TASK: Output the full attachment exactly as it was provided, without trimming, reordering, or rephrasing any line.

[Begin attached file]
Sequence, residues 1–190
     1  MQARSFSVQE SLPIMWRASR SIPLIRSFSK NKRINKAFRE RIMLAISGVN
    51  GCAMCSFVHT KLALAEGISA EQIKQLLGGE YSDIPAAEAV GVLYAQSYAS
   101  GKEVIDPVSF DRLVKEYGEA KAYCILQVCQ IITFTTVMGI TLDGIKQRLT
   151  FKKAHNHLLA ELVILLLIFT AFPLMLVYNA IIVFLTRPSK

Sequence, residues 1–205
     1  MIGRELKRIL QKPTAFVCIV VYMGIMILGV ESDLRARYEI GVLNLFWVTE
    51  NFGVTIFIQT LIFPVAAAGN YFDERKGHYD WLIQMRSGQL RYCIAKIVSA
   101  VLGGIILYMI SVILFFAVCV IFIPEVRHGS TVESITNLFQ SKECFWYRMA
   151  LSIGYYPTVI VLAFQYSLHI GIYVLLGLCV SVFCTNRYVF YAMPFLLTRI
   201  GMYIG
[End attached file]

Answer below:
Sequence, residues 1–190
     1  MQARSFSVQE SLPIMWRASR SIPLIRSFSK NKRINKAFRE RIMLAISGVN
    51  GCAMCSFVHT KLALAEGISA EQIKQLLGGE YSDIPAAEAV GVLYAQSYAS
   101  GKEVIDPVSF DRLVKEYGEA KAYCILQVCQ IITFTTVMGI TLDGIKQRLT
   151  FKKAHNHLLA ELVILLLIFT AFPLMLVYNA IIVFLTRPSK

Sequence, residues 1–205
     1  MIGRELKRIL QKPTAFVCIV VYMGIMILGV ESDLRARYEI GVLNLFWVTE
    51  NFGVTIFIQT LIFPVAAAGN YFDERKGHYD WLIQMRSGQL RYCIAKIVSA
   101  VLGGIILYMI SVILFFAVCV IFIPEVRHGS TVESITNLFQ SKECFWYRMA
   151  LSIGYYPTVI VLAFQYSLHI GIYVLLGLCV SVFCTNRYVF YAMPFLLTRI
   201  GMYIG